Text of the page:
Never have writer’s block again

Why do we have writer’s block? Where did that term come from? Writing used to be hobby, that thing you did in your spare time, for fun, especially before the 1940s (when the term writer’s block was invented). When writing is a hobby it’s not a big risk project. When it’s a hobby you do it without expecting a loan or being in the top 10 on Amazon.

Today, of course, we’re all writers. We’re all writers because we put our ideas into 140-characters and share them with tribes—any group of people, large or small, who are connected to one another, a leader, and an idea. Our messages and ideas spread because the Internet has eliminated the barriers of geography, cost, and time.

So, what I’ve noticed is that the thing we have a habit of, we never encounter an issue with. That’s exactly why I blog everyday because I want a lifestyle, a habit, of shipping a solution out the door to intersect with the marketplace. The habit of talking is the reason we don’t get talker’s block (compliments of Seth Godin). We all talk without a lot of fear. Talk is cheap. Talk has a short shelf life. Talk is what you’re about to do. Talk can be easily denied. No one ever gets talker’s block.

We talk incorrectly or sometimes, we talk properly. We improve at talking because we talk. We analyze what works and what doesn’t, and if we’re insightful, we intentionally do more of what works. How can someone acquire talker’s block after practicing this much? Don’t we say, “practice makes perfect!”

Now, writer’s block isn’t hard to cure,  in fact here’s my phenylephrine for your problem:

  1. Write like you talk. You don’t have a talker’s block, so you’ll never have a writer’s block.  This is the single biggest benefit of blogging to me. It gives me the opportunity to refine my talking and writing. With this you’ll never have writers block ever again.
  2. Just write poorly. If you talk poorly, of course, you’ll write poorly, but both will improve overtime. I grew up with a very serious speech impediment which caused reading and communication problems and for ‘normal’ speech to be disrupted, so if I can improve I know you can. When you start to win at one of these parts, it turns out that this helps you win at both.
  3. Write in public. Get a blog from wordpress, blogspot, or typepad. Or use squidoo or tumblr or a microblogging site. Use an alias if you like. Turn off comments, because you need more writing, not more criticism,.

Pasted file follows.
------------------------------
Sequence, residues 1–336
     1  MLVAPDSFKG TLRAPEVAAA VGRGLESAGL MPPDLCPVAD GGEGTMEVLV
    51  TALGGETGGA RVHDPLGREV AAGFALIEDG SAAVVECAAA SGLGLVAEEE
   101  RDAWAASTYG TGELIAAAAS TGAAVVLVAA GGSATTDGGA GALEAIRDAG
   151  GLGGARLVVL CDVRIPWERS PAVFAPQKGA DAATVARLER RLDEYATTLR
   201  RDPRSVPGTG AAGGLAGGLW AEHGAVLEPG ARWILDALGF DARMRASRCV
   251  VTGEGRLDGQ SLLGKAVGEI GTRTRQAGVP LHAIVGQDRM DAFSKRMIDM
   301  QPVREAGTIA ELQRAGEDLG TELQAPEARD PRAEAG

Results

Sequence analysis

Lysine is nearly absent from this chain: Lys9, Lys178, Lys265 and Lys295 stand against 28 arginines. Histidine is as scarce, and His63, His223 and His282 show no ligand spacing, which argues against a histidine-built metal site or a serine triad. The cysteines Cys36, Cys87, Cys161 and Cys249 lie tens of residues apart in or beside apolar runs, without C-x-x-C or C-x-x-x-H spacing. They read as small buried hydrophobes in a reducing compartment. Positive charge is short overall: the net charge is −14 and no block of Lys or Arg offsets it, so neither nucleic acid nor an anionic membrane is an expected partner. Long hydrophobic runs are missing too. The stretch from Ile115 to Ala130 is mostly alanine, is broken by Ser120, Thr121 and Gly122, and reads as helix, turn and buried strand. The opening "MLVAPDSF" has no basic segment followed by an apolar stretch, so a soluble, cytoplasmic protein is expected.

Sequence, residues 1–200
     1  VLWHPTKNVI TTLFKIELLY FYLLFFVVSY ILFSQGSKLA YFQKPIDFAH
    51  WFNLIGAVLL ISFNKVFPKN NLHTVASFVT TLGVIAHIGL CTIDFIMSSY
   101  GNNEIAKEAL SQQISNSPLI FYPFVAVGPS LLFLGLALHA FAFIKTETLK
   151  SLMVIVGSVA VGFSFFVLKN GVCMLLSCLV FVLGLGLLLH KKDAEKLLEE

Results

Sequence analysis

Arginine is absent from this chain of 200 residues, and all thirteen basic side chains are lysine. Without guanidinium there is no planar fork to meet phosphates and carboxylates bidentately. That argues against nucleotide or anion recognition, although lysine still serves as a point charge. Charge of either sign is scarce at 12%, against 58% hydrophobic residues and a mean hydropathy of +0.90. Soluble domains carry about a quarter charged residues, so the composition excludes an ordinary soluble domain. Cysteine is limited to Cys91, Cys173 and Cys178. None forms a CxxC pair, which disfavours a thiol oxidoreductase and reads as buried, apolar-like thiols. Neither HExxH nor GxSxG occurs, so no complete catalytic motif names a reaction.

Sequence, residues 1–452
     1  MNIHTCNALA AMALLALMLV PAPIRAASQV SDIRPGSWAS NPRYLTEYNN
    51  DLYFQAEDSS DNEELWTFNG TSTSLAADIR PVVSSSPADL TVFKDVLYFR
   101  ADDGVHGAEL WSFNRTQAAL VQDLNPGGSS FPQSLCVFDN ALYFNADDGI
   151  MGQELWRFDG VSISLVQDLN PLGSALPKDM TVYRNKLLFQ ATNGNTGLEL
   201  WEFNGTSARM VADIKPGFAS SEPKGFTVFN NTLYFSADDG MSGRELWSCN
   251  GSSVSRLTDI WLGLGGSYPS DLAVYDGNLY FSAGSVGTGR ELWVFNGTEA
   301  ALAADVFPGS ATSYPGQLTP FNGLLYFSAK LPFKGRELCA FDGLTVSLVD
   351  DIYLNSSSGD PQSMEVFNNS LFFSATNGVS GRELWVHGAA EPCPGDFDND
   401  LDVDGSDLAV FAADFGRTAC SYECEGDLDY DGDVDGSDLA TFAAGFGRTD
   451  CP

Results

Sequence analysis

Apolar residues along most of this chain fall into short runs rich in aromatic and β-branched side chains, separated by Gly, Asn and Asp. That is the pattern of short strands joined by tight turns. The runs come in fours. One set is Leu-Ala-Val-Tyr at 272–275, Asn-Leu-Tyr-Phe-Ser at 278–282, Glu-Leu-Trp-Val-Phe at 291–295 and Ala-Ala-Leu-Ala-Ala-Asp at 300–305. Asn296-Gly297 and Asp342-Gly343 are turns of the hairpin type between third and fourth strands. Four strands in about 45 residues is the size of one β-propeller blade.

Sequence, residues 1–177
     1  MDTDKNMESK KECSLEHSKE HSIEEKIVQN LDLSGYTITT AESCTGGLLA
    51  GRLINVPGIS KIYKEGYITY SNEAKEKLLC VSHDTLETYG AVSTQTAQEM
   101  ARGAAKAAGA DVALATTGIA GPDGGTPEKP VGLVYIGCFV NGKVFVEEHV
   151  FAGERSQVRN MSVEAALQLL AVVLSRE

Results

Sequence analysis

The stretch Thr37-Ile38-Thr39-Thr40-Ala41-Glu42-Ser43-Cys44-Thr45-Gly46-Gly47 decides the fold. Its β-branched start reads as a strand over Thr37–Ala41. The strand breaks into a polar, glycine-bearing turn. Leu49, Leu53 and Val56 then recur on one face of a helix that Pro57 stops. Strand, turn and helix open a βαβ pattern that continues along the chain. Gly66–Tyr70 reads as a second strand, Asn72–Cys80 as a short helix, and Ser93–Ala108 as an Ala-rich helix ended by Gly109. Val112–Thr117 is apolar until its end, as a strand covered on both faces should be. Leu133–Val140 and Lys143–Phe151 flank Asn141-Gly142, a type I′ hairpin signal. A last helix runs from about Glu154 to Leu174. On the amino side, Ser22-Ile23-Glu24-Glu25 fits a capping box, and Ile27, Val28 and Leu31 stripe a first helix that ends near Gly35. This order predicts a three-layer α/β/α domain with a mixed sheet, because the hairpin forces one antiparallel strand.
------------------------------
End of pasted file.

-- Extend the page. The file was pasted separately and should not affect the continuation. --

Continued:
4. Do it as frequent as possible (everyday). I personally blog everyday, as a discipline. I blog to teach (in writing). When you write make sure it’s authentic writing about how you view the world or what you see in the world or what you want to teach. Explain to us how and why you did something.

If you know you have to write like you talk, about something every day, or week, even  5 sentences, you will never have writer’s block ever again. If you’re concerned over every typo, misspelling, and grammatical error, then not writing is not a problem, because nothing is a zero, perfect and without problems. Nothing is the only way to be safe.

Questions: If you’re a blogger, writer, or even speaker, what have you learned? How do you avoid writer’s block?

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14 thoughts on “Never have writer’s block again

  1. Thanks for sending me this link, Patrick. Yes – I am a big believer in writing like I talk. And it is easiest for me to just sit down and write … and worry about wordsmithing, grammar, format, later. The biggest hurdle is getting it down on paper. Also, I have suddenly become a fan of paper and pencil again (shhhhh – don’t tell my computer). Something cathartic about the act of writing (with a pencil mind you). It then becomes much easier to transpose to the computer.

    By the way, I see that you are a Seth Godin fan. Me too! His blog has really turned my mind around.

    I look forward to your next post.

    Susan Bowen

  2. I have to confess that I suffer from “Cobbler with holes in their shoe” syndrome when it comes to posting on my own blog regularly as I am so busy writing every day for others. Not only do you give GREAT advice to small business owners for leveraging the power of content marketing (we are so on the same page as far as the importance of being real and relevant) – you reminded me I need to “do my own thing” on a regular basis as well.

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